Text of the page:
Guest Review: On Elnathan John’s Born On A Tuesday by Israel Okwuje
Told in spare, limpid prose, Elnathan John’s debut novel is a coming-of-age story of Dantala, an almajiri, whose name translates to the title of the novel. Dantala leaves his hometown, Dogo Icce, to become an almajiri under the tutelage of Mallam Junaidu in Bayan Layi. Over there, he meets the formidable Banda, who is feared in the area and who Dantala, in a way, aspires to be like. But their friendship doesn’t last long as Banda dies during a post-election crisis – in which they are embroiled – which causes Dantala to flee to Sokoto, for the fear of also being killed.
At Sokoto, he is taken in at a mosque run by Sheikh, who becomes a mentor and father figure to him, and the rabid Mallam Abdul-Nur, a Yoruba convert who eventually starts a fundamentalist movement. It is at the mosque in Sokoto Dantala gets a deeper understanding of his religion, through the guidance of Sheikh, and he meets Jibril, Mallam Abdul-Nur’s younger brother, who winds up becoming like a brother to Dantala himself.
One could say Elnathan John has written an important novel, considering the gross misunderstanding of the north by people not from there, and of course the times we live in, marred by religious fundamentalism, underage voting and electoral violence. Some of the tensions unknown to people from the south, especially non-Muslims, the differences between Sunni and Shia Islam for example, are brilliantly explored.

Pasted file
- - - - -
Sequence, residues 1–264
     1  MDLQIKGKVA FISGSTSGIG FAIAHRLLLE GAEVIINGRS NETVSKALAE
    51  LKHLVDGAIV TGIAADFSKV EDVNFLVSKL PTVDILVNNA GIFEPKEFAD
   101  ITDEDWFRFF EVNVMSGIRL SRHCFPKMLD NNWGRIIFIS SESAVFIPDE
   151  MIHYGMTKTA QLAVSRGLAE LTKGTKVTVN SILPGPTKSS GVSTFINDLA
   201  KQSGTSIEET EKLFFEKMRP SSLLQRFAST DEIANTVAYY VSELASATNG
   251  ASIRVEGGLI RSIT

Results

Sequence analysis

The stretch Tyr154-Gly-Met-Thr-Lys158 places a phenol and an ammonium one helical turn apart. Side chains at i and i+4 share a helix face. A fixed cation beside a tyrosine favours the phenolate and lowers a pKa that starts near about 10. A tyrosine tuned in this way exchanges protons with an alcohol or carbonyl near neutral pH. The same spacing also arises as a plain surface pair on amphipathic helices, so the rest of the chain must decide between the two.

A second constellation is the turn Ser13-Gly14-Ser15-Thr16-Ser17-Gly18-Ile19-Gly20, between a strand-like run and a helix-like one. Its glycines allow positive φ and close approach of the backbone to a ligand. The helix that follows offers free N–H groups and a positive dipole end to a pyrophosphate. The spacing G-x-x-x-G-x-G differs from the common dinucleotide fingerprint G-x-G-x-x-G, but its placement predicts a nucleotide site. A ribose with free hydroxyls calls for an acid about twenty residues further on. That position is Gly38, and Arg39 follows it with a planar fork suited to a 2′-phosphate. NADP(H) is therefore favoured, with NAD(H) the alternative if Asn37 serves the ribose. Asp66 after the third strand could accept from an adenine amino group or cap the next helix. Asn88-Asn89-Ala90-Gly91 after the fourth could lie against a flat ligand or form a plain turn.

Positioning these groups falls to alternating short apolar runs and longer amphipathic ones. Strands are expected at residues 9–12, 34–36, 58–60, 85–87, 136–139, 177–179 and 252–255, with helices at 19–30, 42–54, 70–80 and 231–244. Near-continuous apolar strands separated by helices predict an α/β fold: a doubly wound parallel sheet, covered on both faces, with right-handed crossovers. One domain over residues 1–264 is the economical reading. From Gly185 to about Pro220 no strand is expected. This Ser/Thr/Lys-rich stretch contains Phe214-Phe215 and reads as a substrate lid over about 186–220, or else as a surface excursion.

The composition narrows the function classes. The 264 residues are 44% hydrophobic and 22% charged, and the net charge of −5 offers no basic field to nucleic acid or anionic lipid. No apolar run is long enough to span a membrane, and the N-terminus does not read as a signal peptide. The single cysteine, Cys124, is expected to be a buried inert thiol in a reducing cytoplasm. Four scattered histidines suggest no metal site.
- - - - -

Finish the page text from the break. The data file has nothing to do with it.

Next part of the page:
In Bayan Layi, we see a pubescent Dantala undergoing a voter registration:
“I hate it when people ask me my age because I don’t know. I just tell them I have fasted nearly ten times. Some people understand when I say so, but others still ask annoying questions, like the woman during the census last year. But since the recent voter registration I have been saying I am nineteen, even though I have to fold the sleeves of the old caftan Banda gave me.”
Nigeria this year had its election which ushered President Buhari into office. While the win was unequivocal, there were rumours of underage voting in the north and it was really interesting to see it depicted in this novel. Nonetheless, in spite of the violence and misdemeanours, Elnathan John succeeds in portraying a sensitive side of Dantala which humanizes him in no small measure. After his escape to Sokoto, Dantala returns to Dogo Icce where he learns that a flood has destroyed his mother’s home, and he has lost his twin younger sisters who he never met because he was away from home. Dantala’s love for his family, specifically his mother, is palpable. Also the reasons for some of the choices his makes (both good and bad) and his love of learning.
The novel is interspersed with diary entries: attempts by Dantala to perfect the English language, with the help of Jibril. These entries, written in Dantala’s hand, are at once hilarious but also helpful in moving the reader closer to the heart of the protagonist.
Lovers of dense, flowery prose might not like this book because of its largely unadorned style, which really allows for a fast-paced, easy read. The beginning chapter, Bayan Layi, originally a short story which earned the author a place on the 2013 Caine prize shortlist does a wonderful job at setting a rhythm for the entire novel. But the last quarter of the book has an edge to it that defies the almost textbook style of the first half of the book. One gets the sense that the author got better as the writing progressed and this, I suppose, is commendable.